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Daniel Ponders Retirement

04 BMO WomenNIAGRA FALLS, Ontario -- Beth Daniel has far greater concerns than defending her title at the Canadian Women's Open this week. Frustrated by her performance this year, the 47-year-old Hall of Famer is contemplating the possibility of retiring at the end of this season, her 26th as a professional.
'This year has just not been good at all,' Daniel said Wednesday. 'And it would be very, very easy for me to walk away from it at the end of this year if I continue playing this way.'
Daniel's comments came during a news conference attended by just four reporters, perhaps a sign of how far she's fallen.
The Canadian Open is scheduled to begin at the Legends on the Niagara course on Thursday.
While Daniel remains candid, this is not the same confident person that punched the air in victory following a final-hole birdie putt to win last year's Canadian Open at Vancouver, British Columbia, and, at 46, become the oldest woman to win an LPGA Tour event.
The win - the 33rd of her career - capped a strong season in which she had eight top-10 finishes.
But last year's success is a distant memory for Daniel, who has not finished better than a tie for 22nd in the 10 tournaments she's entered this season. And it's no fun being ranked 57th on the money list with just over $103,000.
'As long as I felt like I could really compete out there, I would stay,' Daniel said. 'But, you know, if I finish even 50th on the money list, then it's not worth it for me. You know, `I've had my career, give somebody else a chance.'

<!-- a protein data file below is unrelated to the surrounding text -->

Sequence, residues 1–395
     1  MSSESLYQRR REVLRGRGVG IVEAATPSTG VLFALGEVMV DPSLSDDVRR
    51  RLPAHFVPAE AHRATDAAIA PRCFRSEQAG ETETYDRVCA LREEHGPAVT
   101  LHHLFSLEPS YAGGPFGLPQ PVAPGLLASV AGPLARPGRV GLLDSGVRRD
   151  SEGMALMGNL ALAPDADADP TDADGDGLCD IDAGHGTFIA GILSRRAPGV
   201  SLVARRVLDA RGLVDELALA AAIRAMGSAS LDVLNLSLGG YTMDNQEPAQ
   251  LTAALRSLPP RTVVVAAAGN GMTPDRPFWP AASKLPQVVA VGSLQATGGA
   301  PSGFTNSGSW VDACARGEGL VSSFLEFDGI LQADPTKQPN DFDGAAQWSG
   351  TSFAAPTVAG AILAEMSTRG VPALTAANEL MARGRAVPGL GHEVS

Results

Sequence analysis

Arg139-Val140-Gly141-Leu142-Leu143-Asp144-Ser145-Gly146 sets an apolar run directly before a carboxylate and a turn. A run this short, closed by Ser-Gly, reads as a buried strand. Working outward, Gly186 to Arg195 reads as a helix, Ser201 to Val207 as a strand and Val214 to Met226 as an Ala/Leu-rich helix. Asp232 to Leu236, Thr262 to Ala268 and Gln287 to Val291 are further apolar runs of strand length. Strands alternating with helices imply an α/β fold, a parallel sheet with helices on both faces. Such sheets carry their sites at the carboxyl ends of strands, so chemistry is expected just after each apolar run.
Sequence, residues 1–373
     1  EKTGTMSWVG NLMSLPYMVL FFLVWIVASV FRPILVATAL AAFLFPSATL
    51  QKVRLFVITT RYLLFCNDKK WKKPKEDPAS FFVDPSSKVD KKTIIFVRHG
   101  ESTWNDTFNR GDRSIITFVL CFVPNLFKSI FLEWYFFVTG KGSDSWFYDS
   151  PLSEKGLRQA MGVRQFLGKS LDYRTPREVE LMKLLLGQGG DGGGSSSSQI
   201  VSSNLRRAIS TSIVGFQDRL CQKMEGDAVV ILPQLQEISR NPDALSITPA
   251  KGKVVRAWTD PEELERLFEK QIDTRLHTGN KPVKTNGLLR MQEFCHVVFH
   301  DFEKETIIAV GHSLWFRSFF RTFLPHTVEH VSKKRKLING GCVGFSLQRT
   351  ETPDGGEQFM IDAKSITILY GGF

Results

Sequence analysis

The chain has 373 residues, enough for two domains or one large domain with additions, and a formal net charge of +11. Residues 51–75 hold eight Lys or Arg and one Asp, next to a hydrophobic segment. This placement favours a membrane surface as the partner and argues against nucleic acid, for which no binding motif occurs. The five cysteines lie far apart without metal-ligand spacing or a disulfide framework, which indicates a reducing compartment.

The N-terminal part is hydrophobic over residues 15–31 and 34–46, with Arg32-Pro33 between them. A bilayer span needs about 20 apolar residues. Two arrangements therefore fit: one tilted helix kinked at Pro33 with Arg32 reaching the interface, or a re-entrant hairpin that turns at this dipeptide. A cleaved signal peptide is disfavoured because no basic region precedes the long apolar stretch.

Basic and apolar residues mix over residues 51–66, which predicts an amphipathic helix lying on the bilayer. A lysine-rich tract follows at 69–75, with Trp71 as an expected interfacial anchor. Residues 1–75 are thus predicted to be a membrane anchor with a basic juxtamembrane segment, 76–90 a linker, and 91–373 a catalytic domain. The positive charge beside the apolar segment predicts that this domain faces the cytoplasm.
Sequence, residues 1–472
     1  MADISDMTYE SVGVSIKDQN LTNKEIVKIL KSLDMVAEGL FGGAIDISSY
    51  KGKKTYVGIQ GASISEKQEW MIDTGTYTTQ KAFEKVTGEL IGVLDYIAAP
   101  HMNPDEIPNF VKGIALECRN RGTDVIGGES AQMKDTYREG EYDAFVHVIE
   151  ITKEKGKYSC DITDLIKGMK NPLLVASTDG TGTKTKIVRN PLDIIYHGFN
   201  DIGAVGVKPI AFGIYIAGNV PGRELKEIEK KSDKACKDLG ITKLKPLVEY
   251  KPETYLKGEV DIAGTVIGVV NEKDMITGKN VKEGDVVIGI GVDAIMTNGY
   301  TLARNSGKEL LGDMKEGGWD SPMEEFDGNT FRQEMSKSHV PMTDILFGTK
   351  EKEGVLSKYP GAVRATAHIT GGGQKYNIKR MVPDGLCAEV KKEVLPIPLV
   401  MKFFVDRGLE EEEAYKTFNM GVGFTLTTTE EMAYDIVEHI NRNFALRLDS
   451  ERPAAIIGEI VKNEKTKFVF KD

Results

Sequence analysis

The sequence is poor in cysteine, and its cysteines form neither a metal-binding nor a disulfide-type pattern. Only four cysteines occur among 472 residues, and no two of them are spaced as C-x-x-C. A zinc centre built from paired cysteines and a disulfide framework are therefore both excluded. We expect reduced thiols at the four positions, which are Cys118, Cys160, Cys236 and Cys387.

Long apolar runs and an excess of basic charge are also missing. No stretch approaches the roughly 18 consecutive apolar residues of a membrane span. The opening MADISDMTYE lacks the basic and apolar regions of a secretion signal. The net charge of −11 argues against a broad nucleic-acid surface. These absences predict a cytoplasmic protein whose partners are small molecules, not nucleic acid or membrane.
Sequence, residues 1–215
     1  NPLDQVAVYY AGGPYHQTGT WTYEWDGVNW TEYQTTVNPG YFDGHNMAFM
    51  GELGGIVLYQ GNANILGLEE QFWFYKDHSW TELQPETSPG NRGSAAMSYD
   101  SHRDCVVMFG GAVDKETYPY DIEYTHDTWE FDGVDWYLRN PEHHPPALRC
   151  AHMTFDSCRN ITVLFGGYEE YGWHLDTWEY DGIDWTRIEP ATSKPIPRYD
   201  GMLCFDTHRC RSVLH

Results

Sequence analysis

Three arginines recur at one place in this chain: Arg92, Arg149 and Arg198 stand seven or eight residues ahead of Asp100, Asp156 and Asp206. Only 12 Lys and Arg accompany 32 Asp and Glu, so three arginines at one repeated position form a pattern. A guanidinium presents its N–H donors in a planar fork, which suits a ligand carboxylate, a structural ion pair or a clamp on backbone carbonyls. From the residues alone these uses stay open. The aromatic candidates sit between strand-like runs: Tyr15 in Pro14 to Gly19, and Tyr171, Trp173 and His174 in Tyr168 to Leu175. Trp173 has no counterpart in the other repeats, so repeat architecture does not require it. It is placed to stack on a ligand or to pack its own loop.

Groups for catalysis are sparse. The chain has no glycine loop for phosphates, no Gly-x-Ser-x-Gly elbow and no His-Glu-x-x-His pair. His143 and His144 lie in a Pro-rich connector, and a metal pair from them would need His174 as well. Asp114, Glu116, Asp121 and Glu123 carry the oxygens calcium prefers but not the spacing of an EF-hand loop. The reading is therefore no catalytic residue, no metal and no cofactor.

'I have a nice home in Florida. I have no problem staying at home and just enjoying things.'
Asked if this Canadian Open might be her last, Daniel said: 'I can't answer that.'
Smiling, she added, 'Who knows, maybe I'll win this year and I'll come back.'
Daniel is part of a patchwork field - minus top players such as Annika Sorenstam and Grace Park - that's vying for a share of the $1.3 million purse and taking on an unknown, 3-year-old course.
With its wide-open fairways and large, undulating greens that offer a wide array of challenging pin placements, Legends stresses accuracy on approach-shot and putting.
The field is led by U.S. Women's Open champion Meg Mallon and features only 11 of the top 20 players on the season's money list.
Other notables competing include Cristie Kerr, Se Ri Pak, Lorena Ochoa, and Paula Creamer, who finished tied with Michelle Wie as the low amateur at the Women's Open.
Then there's Aree and Naree Song, the 18-year-old Thai-born twin sisters, who are competing together in an LPGA event for only the second time after participating in the Sybase Classic in May. Aree is a tour rookie, who ranks 20th on the money list, while Naree is a member of the Futures Tour.
There's also a 19-member Canadian contingent, led by Lorie Kane, that's attempting to end a 31-year drought since the last Canadian - Jocelyne Bourassa - won the event in its first year.
Daniel's concerns about her game come at a time when there appears to be a resurgence among the tour's more experienced players, and follows Mallon's impressive victory last weekend.
The 41-year-old Mallon discounted questions about age being an issue.
'The golf course does not know my age,' she said. 'I don't know what 41 feels like because it doesn't feel any different than when I was 28, except that I have an awful lot of history behind me.'
Daniel said she's already broached the subject of retirement to some former players, such as Donna Caponi and Judy Rankin.
'I asked them, 'When did you know?' And for every one of them it's different,' Daniel said. 'I think it will be different for me, too. I'm not really the retiring type. Just one day, I'll probably walk away and that will be it.'
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